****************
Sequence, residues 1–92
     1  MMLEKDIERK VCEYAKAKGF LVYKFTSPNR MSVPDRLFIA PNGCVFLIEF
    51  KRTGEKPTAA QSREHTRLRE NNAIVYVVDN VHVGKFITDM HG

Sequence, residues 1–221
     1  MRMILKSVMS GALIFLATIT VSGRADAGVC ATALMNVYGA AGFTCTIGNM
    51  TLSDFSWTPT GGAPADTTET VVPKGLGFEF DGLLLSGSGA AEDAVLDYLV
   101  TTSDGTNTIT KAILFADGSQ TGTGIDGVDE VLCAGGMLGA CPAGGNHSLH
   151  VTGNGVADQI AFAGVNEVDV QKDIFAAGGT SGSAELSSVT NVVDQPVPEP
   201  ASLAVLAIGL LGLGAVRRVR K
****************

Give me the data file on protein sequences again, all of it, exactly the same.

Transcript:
Sequence, residues 1–92
     1  MMLEKDIERK VCEYAKAKGF LVYKFTSPNR MSVPDRLFIA PNGCVFLIEF
    51  KRTGEKPTAA QSREHTRLRE NNAIVYVVDN VHVGKFITDM HG

Sequence, residues 1–221
     1  MRMILKSVMS GALIFLATIT VSGRADAGVC ATALMNVYGA AGFTCTIGNM
    51  TLSDFSWTPT GGAPADTTET VVPKGLGFEF DGLLLSGSGA AEDAVLDYLV
   101  TTSDGTNTIT KAILFADGSQ TGTGIDGVDE VLCAGGMLGA CPAGGNHSLH
   151  VTGNGVADQI AFAGVNEVDV QKDIFAAGGT SGSAELSSVT NVVDQPVPEP
   201  ASLAVLAIGL LGLGAVRRVR K